Exercise Scientist (AES)(ESSAM)



Turner, S. (2009). Burden of disease and benefits of exercise in fixed airway obstruction asthma.

Aggarwal, B., Mulgirigama, A., & Berend, N. (2018). Exercise-induced bronchoconstriction: prevalence, pathophysiology, patient impact, diagnosis and management. Npj Primary Care Respiratory Medicine28(1). doi: 10.1038/s41533-018-0098-2

MacAuley, D. & Best, T. (2007). Evidence-Based Sports Medicine. Massachusetts, BMJ Books.


Exercise physiologist: How we can help you with chronic disease

Exercise is considered a relatively new treatment option for chronic disease prevention and management. Many doctors and patients are unaware of how exercise can help, and what kind of exercise is right for them or their patients. This is where exercise physiologists (AEP’S) come in. We are the experts in exercise prescription. Often AEP’s are confused with physiotherapists and although they are similar, they are not the same thing. Physios address and diagnose acute musculoskeletal injuries and restore initial function; where as AEP’s use evidence based exercise intervention for chronic disease prevention and management. Although different, physios and AEP’s often work together to ensure the best results for patients.

Exercise as a treatment option has only gained traction in the 21th century, however it was widely regarded as one of the best disease prevention options over two thousand years ago. Hippocrates wrote “In a word, all parts of the body which are made for active use, if moderately used and exercise at the labour to which they are habituated become healthy, increase bulk, and bear their age well, but when left without exercise they become diseased, their growth is arrested and they soon become old”.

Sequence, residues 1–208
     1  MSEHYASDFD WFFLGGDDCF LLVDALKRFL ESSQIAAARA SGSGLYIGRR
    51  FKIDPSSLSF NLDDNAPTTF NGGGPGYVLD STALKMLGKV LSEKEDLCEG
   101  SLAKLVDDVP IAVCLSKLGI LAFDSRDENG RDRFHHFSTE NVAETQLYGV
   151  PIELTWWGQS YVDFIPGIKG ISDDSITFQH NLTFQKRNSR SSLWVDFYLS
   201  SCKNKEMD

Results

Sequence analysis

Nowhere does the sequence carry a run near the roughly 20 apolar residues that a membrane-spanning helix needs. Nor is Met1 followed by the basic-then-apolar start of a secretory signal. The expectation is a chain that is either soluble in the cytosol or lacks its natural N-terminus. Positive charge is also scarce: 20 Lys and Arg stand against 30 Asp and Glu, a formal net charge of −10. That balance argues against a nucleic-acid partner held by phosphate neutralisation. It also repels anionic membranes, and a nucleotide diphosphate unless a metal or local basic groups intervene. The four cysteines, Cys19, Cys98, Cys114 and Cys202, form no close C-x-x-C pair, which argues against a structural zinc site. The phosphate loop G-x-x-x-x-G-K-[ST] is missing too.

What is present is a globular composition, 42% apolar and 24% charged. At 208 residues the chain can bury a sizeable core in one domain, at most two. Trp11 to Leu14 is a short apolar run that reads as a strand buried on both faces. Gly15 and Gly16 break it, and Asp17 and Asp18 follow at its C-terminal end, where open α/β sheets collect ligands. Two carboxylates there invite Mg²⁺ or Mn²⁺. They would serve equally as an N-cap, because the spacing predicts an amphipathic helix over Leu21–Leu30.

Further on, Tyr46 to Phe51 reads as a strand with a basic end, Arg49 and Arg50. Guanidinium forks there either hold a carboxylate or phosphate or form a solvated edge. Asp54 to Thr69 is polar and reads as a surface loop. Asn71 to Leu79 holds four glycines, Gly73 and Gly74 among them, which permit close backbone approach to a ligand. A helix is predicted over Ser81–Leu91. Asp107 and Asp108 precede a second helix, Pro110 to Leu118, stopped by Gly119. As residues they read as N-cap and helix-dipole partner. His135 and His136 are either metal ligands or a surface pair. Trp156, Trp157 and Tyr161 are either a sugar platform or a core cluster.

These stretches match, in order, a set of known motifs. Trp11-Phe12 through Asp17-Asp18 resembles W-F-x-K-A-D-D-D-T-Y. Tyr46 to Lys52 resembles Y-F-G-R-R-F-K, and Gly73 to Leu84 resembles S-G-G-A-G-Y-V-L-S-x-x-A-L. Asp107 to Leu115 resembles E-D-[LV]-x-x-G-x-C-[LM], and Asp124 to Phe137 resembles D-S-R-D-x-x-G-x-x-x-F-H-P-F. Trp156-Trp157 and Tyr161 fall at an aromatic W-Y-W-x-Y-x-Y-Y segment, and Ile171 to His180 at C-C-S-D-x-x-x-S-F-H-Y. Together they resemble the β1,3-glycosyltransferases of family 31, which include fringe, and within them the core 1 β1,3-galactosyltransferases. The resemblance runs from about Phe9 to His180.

As AEP’s we use exercise as medicine. Each individual is prescribed a dose of exercise for their particular pathology. The prescription is given similar to any other medication. For example, exercise A, for B times a day, for C amount of time; whether that is for days/weeks/months or years. The dose and type of exercises are chosen for each individual person based on their needs and ability. They are then progressed based on their individual goals and functional need to perform physical tasks. This is designed for long term management, lifestyle and behavioural changes to effectively manage chronic conditions.

Exercise can be used to manage and prevents a number of chronic diseases which include cardiovascular disease, metabolic diseases such as diabetes, neuromuscular diseases such as Parkinson’s; as well as musculoskeletal conditions such as arthritis, osteoporosis and other acute and chronic musculoskeletal disorders.

At Absolute Balance we empower our clients, provide education and encourage positive behaviour changes through the use of evidence based therapies to help out clients achieve their health goals. For more information contact us today


Claire Hills ( B.EXSpSc,Grad.Dip.(Clin.Ex.Phys))
Accredited Exercise Physiologist (AEP) (ESSAM)


What is an Accredited Exercise Physiologist? (n.d.). Retrieved March 18, 2019

Moore, G. E. (2004). The role of exercise prescription in chronic disease. British Journal of Sports Medicine, 38(1), 6-7. doi:10.1136/bjsm.2003.010314

Durstine, J. L., Moore, G. E., & Painter, P. L. (2016). ACSMs exercise management for persons with chronic diseases and disabilities. Champaign, IL: Human Kinetics.